Roth explains that if tariffs kick in and have the predicted impact, many of the companies hiring now will be affected. As a specific example, Roth referenced Delta's CEO Edward Bastian and his plans for expanding the company.
"If those tariffs hit him, there is no way Delta is going to be doing that type of hiring."
Bankrate.com senior economic analyst Mark Hamrick told CNBC Make It earlier this month that minutes from the latest Federal Open Market Committee meeting reveal that some businesses have already indicated they plan to pull back on spending due to increased tariffs on goods. On Tuesday, President Trump's administration published a list of 10 percent duties on $200 billion worth of Chinese goods. The proposed tariffs are expected to go through a two-month review process, with hearings in late August.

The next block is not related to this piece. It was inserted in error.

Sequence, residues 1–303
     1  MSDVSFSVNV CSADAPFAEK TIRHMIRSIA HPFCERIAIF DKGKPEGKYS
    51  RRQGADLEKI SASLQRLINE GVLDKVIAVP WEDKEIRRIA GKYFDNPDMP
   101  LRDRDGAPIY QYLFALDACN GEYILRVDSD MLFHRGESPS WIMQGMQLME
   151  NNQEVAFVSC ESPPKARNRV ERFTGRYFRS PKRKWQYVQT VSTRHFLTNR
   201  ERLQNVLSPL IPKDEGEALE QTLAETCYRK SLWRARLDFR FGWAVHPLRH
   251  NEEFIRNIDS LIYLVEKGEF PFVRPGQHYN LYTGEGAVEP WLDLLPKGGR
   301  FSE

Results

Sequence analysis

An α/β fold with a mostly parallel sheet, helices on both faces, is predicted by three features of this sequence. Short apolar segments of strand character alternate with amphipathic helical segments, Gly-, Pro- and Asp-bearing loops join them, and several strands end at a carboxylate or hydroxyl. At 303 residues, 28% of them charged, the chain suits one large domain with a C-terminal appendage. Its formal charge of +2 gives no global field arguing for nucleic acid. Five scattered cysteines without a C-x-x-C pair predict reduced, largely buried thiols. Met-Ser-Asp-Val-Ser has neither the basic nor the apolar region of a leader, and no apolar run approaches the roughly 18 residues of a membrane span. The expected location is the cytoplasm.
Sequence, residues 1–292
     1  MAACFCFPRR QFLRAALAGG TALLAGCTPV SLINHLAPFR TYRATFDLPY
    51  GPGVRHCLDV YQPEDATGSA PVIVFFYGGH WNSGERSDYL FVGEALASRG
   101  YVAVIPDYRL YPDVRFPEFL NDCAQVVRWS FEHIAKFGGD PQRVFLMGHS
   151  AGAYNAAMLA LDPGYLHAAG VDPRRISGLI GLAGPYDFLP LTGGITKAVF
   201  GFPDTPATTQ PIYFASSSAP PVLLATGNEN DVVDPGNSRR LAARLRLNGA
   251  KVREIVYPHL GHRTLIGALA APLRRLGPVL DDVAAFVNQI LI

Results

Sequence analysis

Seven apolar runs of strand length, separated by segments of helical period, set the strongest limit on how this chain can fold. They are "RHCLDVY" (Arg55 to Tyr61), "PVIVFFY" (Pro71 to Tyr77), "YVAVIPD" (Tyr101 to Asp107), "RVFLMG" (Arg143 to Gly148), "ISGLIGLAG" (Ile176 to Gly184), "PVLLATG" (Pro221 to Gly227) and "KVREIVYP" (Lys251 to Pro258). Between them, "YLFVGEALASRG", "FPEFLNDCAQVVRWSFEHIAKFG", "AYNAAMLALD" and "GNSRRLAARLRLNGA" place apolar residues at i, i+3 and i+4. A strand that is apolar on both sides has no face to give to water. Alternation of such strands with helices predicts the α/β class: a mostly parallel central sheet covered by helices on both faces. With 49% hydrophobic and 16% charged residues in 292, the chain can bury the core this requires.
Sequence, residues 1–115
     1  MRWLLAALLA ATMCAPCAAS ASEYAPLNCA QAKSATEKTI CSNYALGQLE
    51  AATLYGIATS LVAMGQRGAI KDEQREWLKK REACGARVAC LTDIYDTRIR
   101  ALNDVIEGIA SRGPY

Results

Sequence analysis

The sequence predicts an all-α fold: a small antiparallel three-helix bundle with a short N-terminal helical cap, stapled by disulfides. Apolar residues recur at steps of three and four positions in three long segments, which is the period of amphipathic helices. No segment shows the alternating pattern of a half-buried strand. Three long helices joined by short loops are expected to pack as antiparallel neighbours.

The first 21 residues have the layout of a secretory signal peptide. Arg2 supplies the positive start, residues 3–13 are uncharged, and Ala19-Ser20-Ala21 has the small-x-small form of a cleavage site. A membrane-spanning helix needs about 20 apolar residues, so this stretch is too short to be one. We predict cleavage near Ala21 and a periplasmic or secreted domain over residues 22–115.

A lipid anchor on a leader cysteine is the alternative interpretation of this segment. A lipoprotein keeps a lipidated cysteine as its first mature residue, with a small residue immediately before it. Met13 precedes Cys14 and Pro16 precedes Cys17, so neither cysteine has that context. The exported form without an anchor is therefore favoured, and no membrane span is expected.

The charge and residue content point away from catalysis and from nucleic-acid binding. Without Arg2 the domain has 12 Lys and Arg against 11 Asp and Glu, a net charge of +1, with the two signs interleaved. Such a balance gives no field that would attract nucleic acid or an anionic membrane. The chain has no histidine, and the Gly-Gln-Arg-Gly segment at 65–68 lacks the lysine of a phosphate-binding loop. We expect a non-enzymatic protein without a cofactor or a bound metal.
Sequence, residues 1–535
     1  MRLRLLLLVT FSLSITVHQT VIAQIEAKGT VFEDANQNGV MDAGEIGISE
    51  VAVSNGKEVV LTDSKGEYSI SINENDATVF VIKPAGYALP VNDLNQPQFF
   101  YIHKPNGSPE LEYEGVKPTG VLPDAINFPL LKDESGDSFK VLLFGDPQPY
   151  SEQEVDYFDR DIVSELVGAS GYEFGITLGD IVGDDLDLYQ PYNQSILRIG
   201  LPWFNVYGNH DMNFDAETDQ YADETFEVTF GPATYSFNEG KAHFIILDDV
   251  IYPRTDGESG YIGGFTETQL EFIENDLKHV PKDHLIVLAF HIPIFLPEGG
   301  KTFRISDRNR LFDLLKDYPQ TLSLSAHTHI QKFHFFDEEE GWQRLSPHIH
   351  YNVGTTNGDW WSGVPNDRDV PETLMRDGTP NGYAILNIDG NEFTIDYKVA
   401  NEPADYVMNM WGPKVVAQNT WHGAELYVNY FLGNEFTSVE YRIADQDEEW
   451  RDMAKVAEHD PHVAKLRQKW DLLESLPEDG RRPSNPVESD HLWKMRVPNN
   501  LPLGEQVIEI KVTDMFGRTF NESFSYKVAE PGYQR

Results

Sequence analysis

As a result of these tariffs, cities like Hartford, Connecticut; Providence, Rhode Island and Pittsburgh, Pennsylvania — places that have consistently lost workers over the past year — are in jeopardy of losing even more of their workforce. According to the report, for every 10,000 LinkedIn members in Hartford, 58 have left in the past 12 months.
Meanwhile, places like Denver, Colorado; Austin, Texas and Las Vegas, Nevada have seen the largest increase in new workers. LinkedIn's report shows that for every 10,000 LinkedIn members in Denver, 71 arrived in the past year.
Overall, Roth says the major city that has gained a lot of workers and also stands to lose a lot of jobs is Seattle, Washington. The city is at risk of losing 4.5 percent of its jobs due to tariffs.
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